A month ago, I experienced some bleeding while urinating. You can imagine my anxiety and fear as I was 15 weeks pregnant then. I thought I was going to have a miscarriage.
About 30 minutes after the bleeding started, I felt cramping pains in my lower abdomen. I rushed to the hospital as it was becoming increasingly painful to move.
My doctor did not immediately suspect UTI (Urinary Tract Infection). I was not aware that I could have UTI without experiencing pain while peeing, and so did not flag it out to him when he asked if I was having difficulty peeing.
UTI (also known as acute cystisis or bladder infection) can spring up anytime. However, it is actually very common among women, women are especially prone to it when they are pregnant.
According to the KK Women and Children’s Hospital website, 20 per cent of women aged twenty to 65 years suffer at least one attack per year. Dr Paul Tseng, a gynaecologist in private practice, reckons that UTI occurs in some eight to 10 per cent of all pregnancies. That works out to nearly 10 out of 100 women.
This is due to the hormonal and physical body changes that come with pregnancy. Such changes include an increase in the level of estrogen, which makes the urinary tract more susceptible to UTI-causing bacteria. The growing uterus also pushes down on the bladder and compresses the ureters (the tubes between the kidneys and the bladder), making it harder for urine to drain as quickly. This allows bacteria to thrive and grow in the urinary tract.
At the hospital, the contractions subsided and I was sent home after having blood drawn for further tests. I was given medication to relax my womb and to treat a vaginal infection (which was identified as a possible culprit for the bleeding and irritated uterus). I was also told to rest.
After a few days, the bleeding subsided, and I thought I was in the clear. However, the pain returned with a vengeance two weeks later. This time, the doctor found high levels of bacteria in my urine, a clear sign of UTI. I was prescribed a five-day course of antibiotics and over this period, the bleeding stopped.
Now, at 20 weeks pregnant, I still get lower abdominal pains and light bleeding especially when I am dehydrated or overly tired. A midwife friend recommended some pills which were made up of different herbs. She also advised me to drink Chinese parsley tea daily. This is done by steeping fresh chopped coriander leaves in hot water for 10 minutes. Parsley tea has been used traditionally to treat UTI and kidney stones due to its diuretic and anti-fungal properties.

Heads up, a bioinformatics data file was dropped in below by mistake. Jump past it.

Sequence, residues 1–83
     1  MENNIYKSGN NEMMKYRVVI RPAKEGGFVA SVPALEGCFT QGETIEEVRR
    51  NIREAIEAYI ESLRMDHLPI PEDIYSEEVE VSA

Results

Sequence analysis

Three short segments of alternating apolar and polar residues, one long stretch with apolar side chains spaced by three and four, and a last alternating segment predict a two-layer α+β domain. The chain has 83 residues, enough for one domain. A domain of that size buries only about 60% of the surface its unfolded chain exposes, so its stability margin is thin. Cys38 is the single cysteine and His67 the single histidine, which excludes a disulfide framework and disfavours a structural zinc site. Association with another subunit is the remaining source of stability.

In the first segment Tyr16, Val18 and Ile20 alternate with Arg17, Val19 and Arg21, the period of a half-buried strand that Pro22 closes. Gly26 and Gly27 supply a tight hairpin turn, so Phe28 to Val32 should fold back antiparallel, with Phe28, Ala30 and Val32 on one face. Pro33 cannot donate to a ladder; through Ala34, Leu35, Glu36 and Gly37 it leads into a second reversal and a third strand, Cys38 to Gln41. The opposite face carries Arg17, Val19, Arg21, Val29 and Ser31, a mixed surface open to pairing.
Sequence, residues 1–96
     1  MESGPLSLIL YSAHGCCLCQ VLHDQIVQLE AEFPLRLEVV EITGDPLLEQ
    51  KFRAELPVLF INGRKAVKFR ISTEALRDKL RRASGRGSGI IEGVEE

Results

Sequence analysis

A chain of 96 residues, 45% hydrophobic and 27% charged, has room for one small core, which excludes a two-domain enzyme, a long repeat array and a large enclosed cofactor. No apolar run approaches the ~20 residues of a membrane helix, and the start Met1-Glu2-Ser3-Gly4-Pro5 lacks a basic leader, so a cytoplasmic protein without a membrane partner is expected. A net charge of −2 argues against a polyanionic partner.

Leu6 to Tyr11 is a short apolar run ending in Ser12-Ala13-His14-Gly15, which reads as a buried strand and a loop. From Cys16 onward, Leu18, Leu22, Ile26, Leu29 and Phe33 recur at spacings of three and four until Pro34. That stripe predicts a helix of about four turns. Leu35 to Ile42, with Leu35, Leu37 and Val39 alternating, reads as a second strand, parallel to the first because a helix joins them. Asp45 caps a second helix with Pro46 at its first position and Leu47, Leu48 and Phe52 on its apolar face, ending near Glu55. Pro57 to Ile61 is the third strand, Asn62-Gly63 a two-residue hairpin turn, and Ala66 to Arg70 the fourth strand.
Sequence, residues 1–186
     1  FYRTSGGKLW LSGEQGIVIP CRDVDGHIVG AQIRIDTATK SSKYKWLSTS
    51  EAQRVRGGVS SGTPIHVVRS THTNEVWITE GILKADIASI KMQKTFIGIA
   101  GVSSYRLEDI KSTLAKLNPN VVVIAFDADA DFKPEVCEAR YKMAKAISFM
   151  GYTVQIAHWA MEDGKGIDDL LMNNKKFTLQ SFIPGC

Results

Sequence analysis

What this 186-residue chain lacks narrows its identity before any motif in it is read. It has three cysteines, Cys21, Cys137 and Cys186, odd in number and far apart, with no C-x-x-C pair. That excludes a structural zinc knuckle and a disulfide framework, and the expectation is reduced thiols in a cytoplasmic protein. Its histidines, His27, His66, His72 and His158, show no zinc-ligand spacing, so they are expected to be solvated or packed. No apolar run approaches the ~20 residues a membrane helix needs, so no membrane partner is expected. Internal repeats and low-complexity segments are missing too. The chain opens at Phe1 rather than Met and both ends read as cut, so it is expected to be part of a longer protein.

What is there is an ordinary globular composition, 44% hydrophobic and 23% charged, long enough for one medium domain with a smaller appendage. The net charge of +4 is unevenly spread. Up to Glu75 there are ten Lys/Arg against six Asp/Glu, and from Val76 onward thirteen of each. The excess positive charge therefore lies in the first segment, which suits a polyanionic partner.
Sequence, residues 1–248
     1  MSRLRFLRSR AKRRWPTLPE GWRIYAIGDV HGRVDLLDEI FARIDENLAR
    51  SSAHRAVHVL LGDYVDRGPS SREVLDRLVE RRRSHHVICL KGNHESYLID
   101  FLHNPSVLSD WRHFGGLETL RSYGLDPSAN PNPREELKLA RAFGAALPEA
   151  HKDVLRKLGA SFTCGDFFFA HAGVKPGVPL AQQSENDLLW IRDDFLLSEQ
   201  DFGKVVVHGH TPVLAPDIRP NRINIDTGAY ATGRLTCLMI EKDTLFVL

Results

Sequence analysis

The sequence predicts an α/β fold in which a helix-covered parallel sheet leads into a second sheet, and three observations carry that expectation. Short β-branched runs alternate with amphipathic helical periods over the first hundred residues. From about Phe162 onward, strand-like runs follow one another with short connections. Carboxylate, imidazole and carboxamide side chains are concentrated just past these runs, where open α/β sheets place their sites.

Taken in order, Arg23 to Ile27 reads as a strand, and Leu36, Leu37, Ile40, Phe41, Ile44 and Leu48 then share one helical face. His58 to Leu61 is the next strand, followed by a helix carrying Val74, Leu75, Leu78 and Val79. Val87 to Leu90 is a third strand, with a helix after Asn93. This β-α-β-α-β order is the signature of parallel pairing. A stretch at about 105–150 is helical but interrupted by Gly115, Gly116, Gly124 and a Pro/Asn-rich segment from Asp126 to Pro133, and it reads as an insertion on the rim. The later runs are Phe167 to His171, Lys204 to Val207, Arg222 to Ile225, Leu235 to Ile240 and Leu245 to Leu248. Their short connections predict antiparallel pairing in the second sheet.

The symptoms and intensity of UTI differ from person to person. Charlotte, 39, a freelance designer and mother of one, suffered sharp stinging pains when urinating. She also noticed blood and blood clots in the toilet bowl. She chose not to see a doctor, but recovered after drinking lots of water and home-made barley cooked with Chinese herbs.
Lauren, 34, investor relations manager and mother of one, had UTI with bleeding during the first trimester of her pregnancy. Her gynae did a urine test which indicated a positive result for UTI. She was prescribed a single-dose antibiotic.
If you have been experiencing frequent UTI attacks normally, you may find the occurrences decreasing after giving birth. Since her 20s, Evelyn, 36, a writer and mother of two, had had monthly or bi-monthly episodes of UTI. She found her UTI attacks easing off after pregnancy. After becoming a mother, the occurrences fell to about twice a year.
Dr Chris Chong, a urogynaecologist in private practice, says that this could be due to a variety of reasons such as a change in diet, an increase in probiotics intake, a decrease in sexual activity, or a change in vaginal flora (of microorganisms) after delivery.
According to Dr Tseng, most of the UTI-causing bacteria originates from the bowel (usually Escherichia coli known as E. coli). This means that if you suffer from constipation, there is more bacteria present in the bowel, which may increase the likelihood of contracting UTI. Constipation also makes it harder to empty your bladder.
Here are some tips on how to prevent UTI when pregnant:
- Hydrate, hydrate, hydrate! Drink plenty of fluids (plain water is the best), at least 1.5 to 2 litres a day.
- Pee when you need to. Do not hold your urine.
- Constipated? Treat it promptly. Blocked bowels can increase your chances of a bladder or kidney infection.
- Clean your genital area and take a pee before and after intercourse.
- Wipe from front to back after using the toilet.
- Clean right. Your genital area only requires mild soap and water to get clean. Do not use strong soaps and douches.
- Wear cotton underwear. This allows for good air circulation.
- Avoid wearing tight-fitting pants.
And here are some tips specially for pregnant moms:
- If you have problems drinking water, especially at the early stage of pregnancy when you have nausea symptoms or find the taste of water repelling, add some lemon juice into your water. This makes it more palatable. Take frequent sips instead of swallowing large amounts at one go.
- If you are working full-time, take frequent mini-breaks. Even walking to the photocopier or picking up the newspaper to have a read is good. Regular movements could help to encourage the urge to pee.
- If you suspect that you have UTI, see your gynae immediately. Early detection can prevent complications as bacteria can travel up your bladder to your kidneys, and kidney infections that are left untreated can lead to pre-term labour.
As the old adage goes, prevention is better than cure. And where UTI and pregnancy are concerned, it’s even more so. Don’t you agree?